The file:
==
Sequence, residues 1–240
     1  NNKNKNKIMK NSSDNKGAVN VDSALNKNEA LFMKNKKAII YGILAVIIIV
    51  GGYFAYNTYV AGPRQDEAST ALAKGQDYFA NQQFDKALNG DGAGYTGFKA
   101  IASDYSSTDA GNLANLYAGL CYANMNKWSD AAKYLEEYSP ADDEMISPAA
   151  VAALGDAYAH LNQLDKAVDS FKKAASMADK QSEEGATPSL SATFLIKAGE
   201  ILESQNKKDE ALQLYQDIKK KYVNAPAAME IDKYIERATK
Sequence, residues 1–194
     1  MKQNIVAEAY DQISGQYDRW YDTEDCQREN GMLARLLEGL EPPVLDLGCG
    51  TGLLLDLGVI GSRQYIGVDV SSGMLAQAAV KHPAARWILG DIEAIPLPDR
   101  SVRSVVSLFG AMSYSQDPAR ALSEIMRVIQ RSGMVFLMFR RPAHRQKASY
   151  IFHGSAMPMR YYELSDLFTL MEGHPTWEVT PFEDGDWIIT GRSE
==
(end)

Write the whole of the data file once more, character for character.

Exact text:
Sequence, residues 1–240
     1  NNKNKNKIMK NSSDNKGAVN VDSALNKNEA LFMKNKKAII YGILAVIIIV
    51  GGYFAYNTYV AGPRQDEAST ALAKGQDYFA NQQFDKALNG DGAGYTGFKA
   101  IASDYSSTDA GNLANLYAGL CYANMNKWSD AAKYLEEYSP ADDEMISPAA
   151  VAALGDAYAH LNQLDKAVDS FKKAASMADK QSEEGATPSL SATFLIKAGE
   201  ILESQNKKDE ALQLYQDIKK KYVNAPAAME IDKYIERATK
Sequence, residues 1–194
     1  MKQNIVAEAY DQISGQYDRW YDTEDCQREN GMLARLLEGL EPPVLDLGCG
    51  TGLLLDLGVI GSRQYIGVDV SSGMLAQAAV KHPAARWILG DIEAIPLPDR
   101  SVRSVVSLFG AMSYSQDPAR ALSEIMRVIQ RSGMVFLMFR RPAHRQKASY
   151  IFHGSAMPMR YYELSDLFTL MEGHPTWEVT PFEDGDWIIT GRSE